Over at Metafilter, they’re talking about media tie-in science fiction, bouncing off Vonda McIntyre’s blog post on the subject of writing Star Trek novels. The comments are fairly balanced between snarking on the people who read and write tie-ins and the people who are saying “hey now, it’s not bad stuff,” and so I thought I’d drop my own comment on the matter, which I’m reposting below for you folks. If you have a Metafilter account, you can comment there; if you don’t have one, well, why not comment here.
With very few exceptions, media tie-in SF outsells original SF, often by a significant amount. Now, we can argue about why this is and whether this is a good thing for the genre or not, but at the end of the day, it’s a fact and it’s something authors give serious consideration to, in terms of its value to their overall career.
Let me put it this way: If someone came up to you and said “I’d like you to write a book for me that’s guaranteed to be in every single bookstore in the nation and all but guaranteed to land on the New York Times bestseller list, thus allowing you to put ‘New York Times Bestselling Author’ on every single one of your books from here on out and I’ll pay you an advance worth more than you usually get for any three books you’ve written up to this point, and words get you to put into Yoda’s mouth, and you know you’ve always wanted to do that,” would you not give this person some serious consideration?
Maybe you say you wouldn’t, but, you know, that’s easy to say when you’re not an actual full-time SF writer, looking down the barrel of a mortgage (or rent, or kids’ doctors visits, or whatever) while working in a genre where seven cents a word is considered a decent wage. It’s exceptionally difficult to make any money at all writing fiction, much less science fiction, and even in the golden days of science fiction, most SF writers — even the famous ones — did something else to make money (or starved). Ask SFWA Grand Master and multiple Hugo winner Robert Silverberg about his soft-core porn writing days, for example, after the SF market collapsed in the late 50s/early 60s. I’m not aware of him having any shame about it — work is work.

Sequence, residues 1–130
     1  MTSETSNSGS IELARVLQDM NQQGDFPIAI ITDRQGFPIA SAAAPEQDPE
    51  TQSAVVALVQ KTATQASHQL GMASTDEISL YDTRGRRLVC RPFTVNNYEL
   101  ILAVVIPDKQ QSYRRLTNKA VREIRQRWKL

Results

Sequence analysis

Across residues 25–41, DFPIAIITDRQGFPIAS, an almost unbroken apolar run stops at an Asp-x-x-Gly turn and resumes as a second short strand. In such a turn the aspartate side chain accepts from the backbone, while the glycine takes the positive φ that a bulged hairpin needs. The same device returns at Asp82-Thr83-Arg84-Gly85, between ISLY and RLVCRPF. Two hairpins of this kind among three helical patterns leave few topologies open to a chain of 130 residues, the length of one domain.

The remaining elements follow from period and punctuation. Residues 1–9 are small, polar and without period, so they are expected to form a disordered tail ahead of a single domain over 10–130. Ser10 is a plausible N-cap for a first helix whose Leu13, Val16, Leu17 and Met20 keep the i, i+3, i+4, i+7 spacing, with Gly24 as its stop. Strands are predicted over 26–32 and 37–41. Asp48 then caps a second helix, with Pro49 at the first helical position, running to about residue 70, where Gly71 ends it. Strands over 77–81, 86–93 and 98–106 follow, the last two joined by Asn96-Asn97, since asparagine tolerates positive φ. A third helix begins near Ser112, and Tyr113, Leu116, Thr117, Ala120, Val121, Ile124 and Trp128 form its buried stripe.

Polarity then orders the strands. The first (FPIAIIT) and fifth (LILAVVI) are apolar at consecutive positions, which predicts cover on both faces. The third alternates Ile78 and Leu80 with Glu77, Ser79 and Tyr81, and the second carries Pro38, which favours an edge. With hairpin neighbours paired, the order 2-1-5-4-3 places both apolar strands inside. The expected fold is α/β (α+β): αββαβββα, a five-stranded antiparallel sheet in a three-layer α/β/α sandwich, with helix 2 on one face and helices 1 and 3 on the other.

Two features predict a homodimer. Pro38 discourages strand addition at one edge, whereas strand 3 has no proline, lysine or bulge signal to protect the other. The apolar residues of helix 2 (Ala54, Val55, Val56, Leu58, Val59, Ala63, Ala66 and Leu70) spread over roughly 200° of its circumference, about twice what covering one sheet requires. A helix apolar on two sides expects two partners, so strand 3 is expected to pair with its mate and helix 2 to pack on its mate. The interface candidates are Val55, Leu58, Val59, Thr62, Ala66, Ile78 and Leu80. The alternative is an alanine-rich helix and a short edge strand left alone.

Another thought to consider is that this snobbery against tie-in work is specific to medium. If I told people I was writing a script for Battlestar Galactica, I would get congratulations up and down the block; if I said I was writing a BSG tie-in novel, people would wonder why I was lowering myself. And yet the novel is by a substantial margin the longer and more complex work and in both cases one has to abide the rules of someone else’s universe. The assumption that tie-in novels are all hackwork is just that, an assumption; I challenge anyone to read a Karen Traviss or Matt Stover-penned Star Wars novel and say that they were not better works, in terms of story, character development, and audience involvement, than any of the prequel films. Yes, this is a low bar. But if you were to switch it around and say that any new Star Wars film had to clear the bar established by Traviss or Stover, I’ll you what: The next Star Wars film would fucking rock.
I don’t write tie-in SF for my own reasons, but it’s not to say I wouldn’t if the right project came along. I have quite a number of friends who do or have written tie-ins, and you know what, when all is said and done they’re generally getting paid well to do work they love in universes they’re fans of, for audiences who well appreciate their efforts. Maybe some people want to crap all over that and call them hacks. I heartily raise a middle finger at them.